The Top Six Items from Your Home That Your Kids Don’t Want
A generational and cultural shift is happening across America. Baby Boomers and older seniors have discovered that their children under 50 or grandchildren have no desire to accept family treasures and lifetime collections that have passed through generations. Elizabeth Stewart, a certified appraiser and author of COLLECT VALUE DIVEST: The Savvy Appraiser, confronts this situation with many her clients and finds that certain possessions most older Americans cherished and saved have no appeal to their children.
“I’m called in when families want to know what to do with their parents’ belongings,” says Ms. Stewart. “Time after time I see the children and grandchildren do not value and/or want to sell the very same items, no matter the income level, from very rich to middle-class homes. The heartbreak is that many times one of the parents, usually the mother, is still alive and realizes that things she, her mother and her grandmother had carefully collected over generations means nothing to the younger adults of the family.”
For younger people, what is considered valuable is based on lifestyle changes and technology. Many are collectors but not of the same objects their parents valued. Young people don’t want to polish or hand wash items. Every dish must be dishwasher and microwave safe. They aren’t re-arranging the artwork on the walls. No rotating collections of art. Young people want furniture that’s functional, not large, dark or containing figurines. Entertainment centers have gone the way of the dodo bird.
Here are the top items the under-50 crowd doesn’t want:
Sterling Silver Flatware: Sites like Replacements Ltd are a MATCHING service for folks that DO enjoy Silver Flatware and have recognized patterns. Because they sell per piece, and buy per piece, sellers get a rather good price.
Porcelain figurines. Unless they are Meissen or Dresden, or another BIG value mark (look that up first on Markings on Porcelain) they are a hard sell. But there are collector’s clubs for everything even as banal as Hummels and Precious Moments. Those clubs have chat rooms and wanted lists and selling platforms. And each of those clubs holds conventions.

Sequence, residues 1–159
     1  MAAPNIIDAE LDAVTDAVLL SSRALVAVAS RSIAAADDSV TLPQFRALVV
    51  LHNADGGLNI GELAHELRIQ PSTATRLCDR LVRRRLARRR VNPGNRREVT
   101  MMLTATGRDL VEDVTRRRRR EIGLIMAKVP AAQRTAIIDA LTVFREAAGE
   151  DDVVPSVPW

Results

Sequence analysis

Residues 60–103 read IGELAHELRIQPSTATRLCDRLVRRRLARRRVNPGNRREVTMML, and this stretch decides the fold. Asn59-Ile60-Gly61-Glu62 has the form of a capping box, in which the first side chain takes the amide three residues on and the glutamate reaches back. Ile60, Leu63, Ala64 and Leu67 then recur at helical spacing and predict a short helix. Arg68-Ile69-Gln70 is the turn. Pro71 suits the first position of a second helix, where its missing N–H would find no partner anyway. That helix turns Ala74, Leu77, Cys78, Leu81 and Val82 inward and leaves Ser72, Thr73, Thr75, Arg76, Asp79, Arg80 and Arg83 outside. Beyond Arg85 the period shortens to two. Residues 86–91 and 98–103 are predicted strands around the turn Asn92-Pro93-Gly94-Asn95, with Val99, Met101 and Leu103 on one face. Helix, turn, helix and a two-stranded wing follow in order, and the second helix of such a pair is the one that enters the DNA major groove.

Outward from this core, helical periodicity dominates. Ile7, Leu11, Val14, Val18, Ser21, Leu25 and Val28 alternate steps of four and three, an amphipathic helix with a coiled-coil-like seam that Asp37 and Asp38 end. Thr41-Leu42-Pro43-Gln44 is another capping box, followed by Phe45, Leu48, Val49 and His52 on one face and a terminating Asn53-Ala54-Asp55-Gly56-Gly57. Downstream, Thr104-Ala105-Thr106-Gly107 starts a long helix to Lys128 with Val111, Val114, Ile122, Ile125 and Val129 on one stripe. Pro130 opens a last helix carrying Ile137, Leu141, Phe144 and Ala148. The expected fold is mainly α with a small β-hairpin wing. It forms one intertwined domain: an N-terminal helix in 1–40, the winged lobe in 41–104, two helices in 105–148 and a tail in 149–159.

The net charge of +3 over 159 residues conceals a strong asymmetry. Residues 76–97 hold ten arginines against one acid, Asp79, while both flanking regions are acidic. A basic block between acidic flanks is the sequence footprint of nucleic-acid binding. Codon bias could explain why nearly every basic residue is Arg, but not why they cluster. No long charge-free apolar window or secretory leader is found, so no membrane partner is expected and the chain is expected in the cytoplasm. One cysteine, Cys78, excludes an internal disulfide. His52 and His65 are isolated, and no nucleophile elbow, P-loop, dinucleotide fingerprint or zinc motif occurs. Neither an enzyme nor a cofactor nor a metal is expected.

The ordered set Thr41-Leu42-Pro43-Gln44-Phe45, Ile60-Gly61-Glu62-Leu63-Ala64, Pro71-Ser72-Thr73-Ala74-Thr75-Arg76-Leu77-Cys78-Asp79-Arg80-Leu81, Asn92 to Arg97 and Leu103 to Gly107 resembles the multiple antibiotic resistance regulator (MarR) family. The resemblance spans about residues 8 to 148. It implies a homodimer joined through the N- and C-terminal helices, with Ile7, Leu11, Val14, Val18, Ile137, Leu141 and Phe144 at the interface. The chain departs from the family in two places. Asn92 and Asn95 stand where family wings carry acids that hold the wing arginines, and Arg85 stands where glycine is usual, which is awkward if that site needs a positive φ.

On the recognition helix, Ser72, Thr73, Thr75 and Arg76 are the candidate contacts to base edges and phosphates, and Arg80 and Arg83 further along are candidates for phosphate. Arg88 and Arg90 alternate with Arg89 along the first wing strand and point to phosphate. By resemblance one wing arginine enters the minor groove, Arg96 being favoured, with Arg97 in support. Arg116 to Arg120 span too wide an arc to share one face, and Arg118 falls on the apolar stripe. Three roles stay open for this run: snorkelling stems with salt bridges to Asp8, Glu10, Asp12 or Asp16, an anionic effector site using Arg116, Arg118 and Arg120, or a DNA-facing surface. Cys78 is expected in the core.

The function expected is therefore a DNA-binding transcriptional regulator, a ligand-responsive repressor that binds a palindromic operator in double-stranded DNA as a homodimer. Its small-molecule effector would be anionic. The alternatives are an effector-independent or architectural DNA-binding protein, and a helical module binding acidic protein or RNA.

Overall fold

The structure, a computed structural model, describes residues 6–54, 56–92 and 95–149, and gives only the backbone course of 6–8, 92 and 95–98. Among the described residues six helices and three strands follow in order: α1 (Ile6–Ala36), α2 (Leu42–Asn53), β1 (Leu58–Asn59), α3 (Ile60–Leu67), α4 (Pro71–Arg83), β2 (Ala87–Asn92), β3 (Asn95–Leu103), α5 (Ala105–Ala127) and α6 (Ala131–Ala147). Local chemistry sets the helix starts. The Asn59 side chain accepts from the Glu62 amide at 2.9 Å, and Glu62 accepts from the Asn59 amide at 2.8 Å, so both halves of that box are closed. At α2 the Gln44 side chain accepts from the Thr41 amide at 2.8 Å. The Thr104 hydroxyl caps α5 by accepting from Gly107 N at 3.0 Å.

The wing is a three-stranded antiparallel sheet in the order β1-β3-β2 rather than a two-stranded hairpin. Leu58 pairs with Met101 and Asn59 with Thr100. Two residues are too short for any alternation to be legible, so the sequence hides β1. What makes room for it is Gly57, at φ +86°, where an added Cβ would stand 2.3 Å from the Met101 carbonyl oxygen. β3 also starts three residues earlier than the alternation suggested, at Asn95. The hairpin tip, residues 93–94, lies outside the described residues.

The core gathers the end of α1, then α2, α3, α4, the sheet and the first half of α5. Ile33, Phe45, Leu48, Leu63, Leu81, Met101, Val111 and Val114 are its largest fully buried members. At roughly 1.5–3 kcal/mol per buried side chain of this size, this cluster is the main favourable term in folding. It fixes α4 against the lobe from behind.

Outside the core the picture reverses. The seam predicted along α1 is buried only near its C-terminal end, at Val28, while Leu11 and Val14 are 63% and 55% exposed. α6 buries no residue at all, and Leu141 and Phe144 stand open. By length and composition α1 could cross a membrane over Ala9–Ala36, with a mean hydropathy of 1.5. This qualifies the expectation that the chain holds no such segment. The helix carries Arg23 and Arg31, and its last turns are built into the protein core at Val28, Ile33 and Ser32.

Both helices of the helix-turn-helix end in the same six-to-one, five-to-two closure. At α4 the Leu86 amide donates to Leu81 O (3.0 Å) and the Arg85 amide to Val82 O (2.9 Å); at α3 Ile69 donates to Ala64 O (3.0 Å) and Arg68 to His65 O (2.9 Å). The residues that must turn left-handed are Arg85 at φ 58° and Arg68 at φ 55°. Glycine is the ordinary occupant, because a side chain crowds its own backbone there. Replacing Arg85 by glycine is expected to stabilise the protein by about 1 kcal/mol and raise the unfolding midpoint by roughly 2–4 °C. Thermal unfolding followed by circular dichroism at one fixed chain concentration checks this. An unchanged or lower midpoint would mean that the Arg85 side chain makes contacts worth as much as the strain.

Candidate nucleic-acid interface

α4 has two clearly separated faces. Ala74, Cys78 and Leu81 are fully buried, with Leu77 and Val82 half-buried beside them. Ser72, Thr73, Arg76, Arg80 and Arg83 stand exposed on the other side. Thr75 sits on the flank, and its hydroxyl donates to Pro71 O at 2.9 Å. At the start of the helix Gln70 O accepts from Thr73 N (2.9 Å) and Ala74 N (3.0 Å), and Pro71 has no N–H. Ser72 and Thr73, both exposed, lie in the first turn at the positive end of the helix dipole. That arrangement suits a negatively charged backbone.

Heavy dark furniture. There is still a market for that sort of furniture, and my suggestion is to donate all of it, and take it as a non-cash charitable contribution using Fair Market Valuation (FMV). When you research FMV you can take a value modally across the nation through researching prices paid at various selling outlets such as auction houses. You can see reporting services of what such things sold for at P4a.com for example. So even if you can’t get $200 for the George III mahogany dresser, you CAN sell it at auction on the east coast for $1000 and that would be the hypothetical FMV.
Fine Porcelain Dinnerware. Also something to sell to a replacement matching service. You have to know your pattern to get a quote. That’s fairly easy to research on their web sites like Replacements Ltd. and others, so take time to learn this market.
Linens. Source those little shops that make handmade Christening clothes and wedding dresses and fifteen-year-old Spanish celebration gowns. Also often you can donate those to costume shops of theatres and deduct the donation. P4a.com has reported auction results on these. Note for a deduction you must source what a thing sold for NOT what it was offered for. So EBay is a bad choice for research.
Persian rugs. This was a valuable market in the 1980s and it takes a trained eye to know if you have a rag or an antique treasure worth thousands. For those you need an expert and the local rug dealers will not be honest with you. You need an appraiser. Once appraised, you can either sell to the high-end market, which is still collecting or you can’t sell them to anyone. If you find the value of the rug is below $2000 it is a HARD sell. Again the market on the east coast is the strongest and most active, so you can sometimes take that vale as FMV. I have been telling people to hold onto those as the market swings.
In her book, Collect Value Divest: The Savvy Appraiser, Elizabeth delivers short, concise chapters so that any collector can easily learn how to value their paintings, books, artifacts, and treasured possessions. She condenses her thirty years as a certified appraiser into easy-to-read anecdotes that cover commonly asked questions about value. She provides tips on how to buy, sell, insure, and auction, and explains how to bequeath pieces. Stewart shares her secrets of the art and antiques marketplace. Learn what appraisers don’t want you to know—all the tools to assess value, beauty, rarity, market level, provenance, and quality. Having appraised many estates for celebrities and CEOs, Stewart knows value and can detect frauds, and nothing, no matter how quirky or unusual, is beyond analysis.